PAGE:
A federal judge has ordered a Twin Cities marketing expert to shut down any online use of cycling legend Greg LeMond’s name and likeness.

The preliminary order Monday from District Judge John Tunheim pointed to LeMond’s “likelihood of success” in halting — through a $6.6 million lawsuit — Frederick Stinchfield and his son, Frederick Stinchfield III, from exploiting LeMond’s worldwide fame for their financial gain.

Tunheim’s order also revealed that the 66-year-old Stinchfield and his 32-year-old son, both of Orono, “have admitted that they have no interest in maintaining ownership of the domain names and that they are willing to transfer whatever ownership interest they have … to LeMond.”

The judge’s preliminary injunction supersedes a temporary restraining order issued in June, which merely barred the Stinchfields from registering any additional domain names tied to the 56-year-old LeMond or his business, or transferring or selling the ones they control.

LeMond, of Medina, sued the Stinchfields and branded them as “cybersquatters,” having taken control of 66 web addresses using the three-time Tour de France champion’s trademarked name and business, called Grail. Examples include lemondgrail.com and grailcarbon.us.

Lawrence M. Shapiro, LeMond’s attorney, said Monday that his client “is pleased with the court’s order” and otherwise declined to comment about the fate of the lawsuit.

“There is no change in this litigation,” Frederick Stinchfield said Monday by e-mail. “The judge is merely keeping the status quo until trial since we said we had no interest in any of Lemond’s marks or names. This remains bogus and defamatory litigation as to me.”

The elder Stinchfield has contended that someone not known to him must have hoarded the web addresses in dispute. At the same time, the father said in a court filing, he wanted LeMond to “acknowledge publicly [that the] proceeding against me was erroneous and inappropriate.”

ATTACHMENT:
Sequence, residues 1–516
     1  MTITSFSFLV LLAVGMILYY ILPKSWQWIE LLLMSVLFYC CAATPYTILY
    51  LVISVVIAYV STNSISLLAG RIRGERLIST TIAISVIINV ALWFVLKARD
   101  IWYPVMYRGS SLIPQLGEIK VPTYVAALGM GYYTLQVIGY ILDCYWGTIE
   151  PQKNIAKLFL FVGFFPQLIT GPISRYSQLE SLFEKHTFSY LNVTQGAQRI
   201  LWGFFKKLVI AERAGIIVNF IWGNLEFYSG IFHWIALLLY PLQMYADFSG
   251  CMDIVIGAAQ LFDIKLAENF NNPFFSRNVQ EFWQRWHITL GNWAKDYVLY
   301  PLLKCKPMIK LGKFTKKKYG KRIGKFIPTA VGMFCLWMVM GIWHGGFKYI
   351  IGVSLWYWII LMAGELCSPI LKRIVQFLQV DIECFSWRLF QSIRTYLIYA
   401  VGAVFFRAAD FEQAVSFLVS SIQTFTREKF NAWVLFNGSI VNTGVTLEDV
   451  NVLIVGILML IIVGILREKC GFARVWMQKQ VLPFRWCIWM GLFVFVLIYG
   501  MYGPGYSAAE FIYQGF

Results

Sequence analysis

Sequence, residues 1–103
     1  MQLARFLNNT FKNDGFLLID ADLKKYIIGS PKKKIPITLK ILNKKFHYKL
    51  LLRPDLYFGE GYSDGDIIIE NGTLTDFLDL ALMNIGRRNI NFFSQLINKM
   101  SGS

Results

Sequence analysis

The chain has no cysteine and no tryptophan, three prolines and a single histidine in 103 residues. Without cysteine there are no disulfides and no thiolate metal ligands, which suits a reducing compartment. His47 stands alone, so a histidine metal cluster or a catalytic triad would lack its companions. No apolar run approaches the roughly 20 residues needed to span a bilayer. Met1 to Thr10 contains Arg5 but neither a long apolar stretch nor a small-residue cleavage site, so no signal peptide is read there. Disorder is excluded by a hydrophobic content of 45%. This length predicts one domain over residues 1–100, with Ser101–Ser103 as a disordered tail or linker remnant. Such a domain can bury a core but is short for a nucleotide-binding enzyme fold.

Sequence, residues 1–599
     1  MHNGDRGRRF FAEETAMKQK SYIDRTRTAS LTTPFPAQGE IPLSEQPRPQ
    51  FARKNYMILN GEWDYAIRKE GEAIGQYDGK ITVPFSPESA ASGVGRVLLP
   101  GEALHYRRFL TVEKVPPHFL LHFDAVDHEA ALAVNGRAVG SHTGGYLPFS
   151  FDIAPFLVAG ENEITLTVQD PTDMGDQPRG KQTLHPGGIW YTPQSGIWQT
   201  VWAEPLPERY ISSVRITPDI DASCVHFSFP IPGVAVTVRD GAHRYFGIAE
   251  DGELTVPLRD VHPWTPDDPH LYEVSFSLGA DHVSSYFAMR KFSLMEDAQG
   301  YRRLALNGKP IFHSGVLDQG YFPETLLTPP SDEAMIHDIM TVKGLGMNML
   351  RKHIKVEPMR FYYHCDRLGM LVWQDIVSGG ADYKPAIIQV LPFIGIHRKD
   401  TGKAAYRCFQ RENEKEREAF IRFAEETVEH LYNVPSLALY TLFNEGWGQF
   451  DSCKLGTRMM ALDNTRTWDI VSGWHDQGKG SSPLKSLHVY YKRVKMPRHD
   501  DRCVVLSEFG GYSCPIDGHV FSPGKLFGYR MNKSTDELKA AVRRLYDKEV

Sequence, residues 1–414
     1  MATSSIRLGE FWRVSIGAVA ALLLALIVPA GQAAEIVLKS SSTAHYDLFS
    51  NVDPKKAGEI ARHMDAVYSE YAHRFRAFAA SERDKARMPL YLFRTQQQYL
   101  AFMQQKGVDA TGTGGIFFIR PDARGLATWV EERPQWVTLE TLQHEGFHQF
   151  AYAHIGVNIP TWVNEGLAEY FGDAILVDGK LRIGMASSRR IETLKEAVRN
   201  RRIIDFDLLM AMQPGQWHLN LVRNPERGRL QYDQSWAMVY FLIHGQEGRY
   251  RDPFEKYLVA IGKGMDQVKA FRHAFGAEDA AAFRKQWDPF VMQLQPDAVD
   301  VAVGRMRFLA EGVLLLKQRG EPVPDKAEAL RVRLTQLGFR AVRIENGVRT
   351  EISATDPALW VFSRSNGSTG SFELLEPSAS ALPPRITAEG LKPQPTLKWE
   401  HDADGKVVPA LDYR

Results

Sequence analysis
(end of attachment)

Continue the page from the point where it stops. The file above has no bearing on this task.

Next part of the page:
In August 2016, LeMond announced a business involving the development and sale of low-cost carbon fiber. He’s marketing the product under the Grail trademark and through his LeMond Cos. and LeMond Composites, according to his application for the restraining order.

Within two months of the announcement, the disputed domain names were registered by the father and son, who never had any commercial connection to the retired cyclist’s name or the name of his business, LeMond alleges.

Public records list various businesses headed by the elder Stinchfield. He has been routinely quoted as a marketing expert by media outlets, including the Star Tribune.

His bio lists such past clients as Pepsi, Unilever, Olympus and R.J. Reynolds. While it’s uncertain how recently the bio was updated, it lists UnitedHealthcare and PayPal among his “current clients.”

LeMond and his wife, Kathy, moved to the Twin Cities full-time in the early 1990s after his retirement from international racing. She grew up in La Crosse, Wis.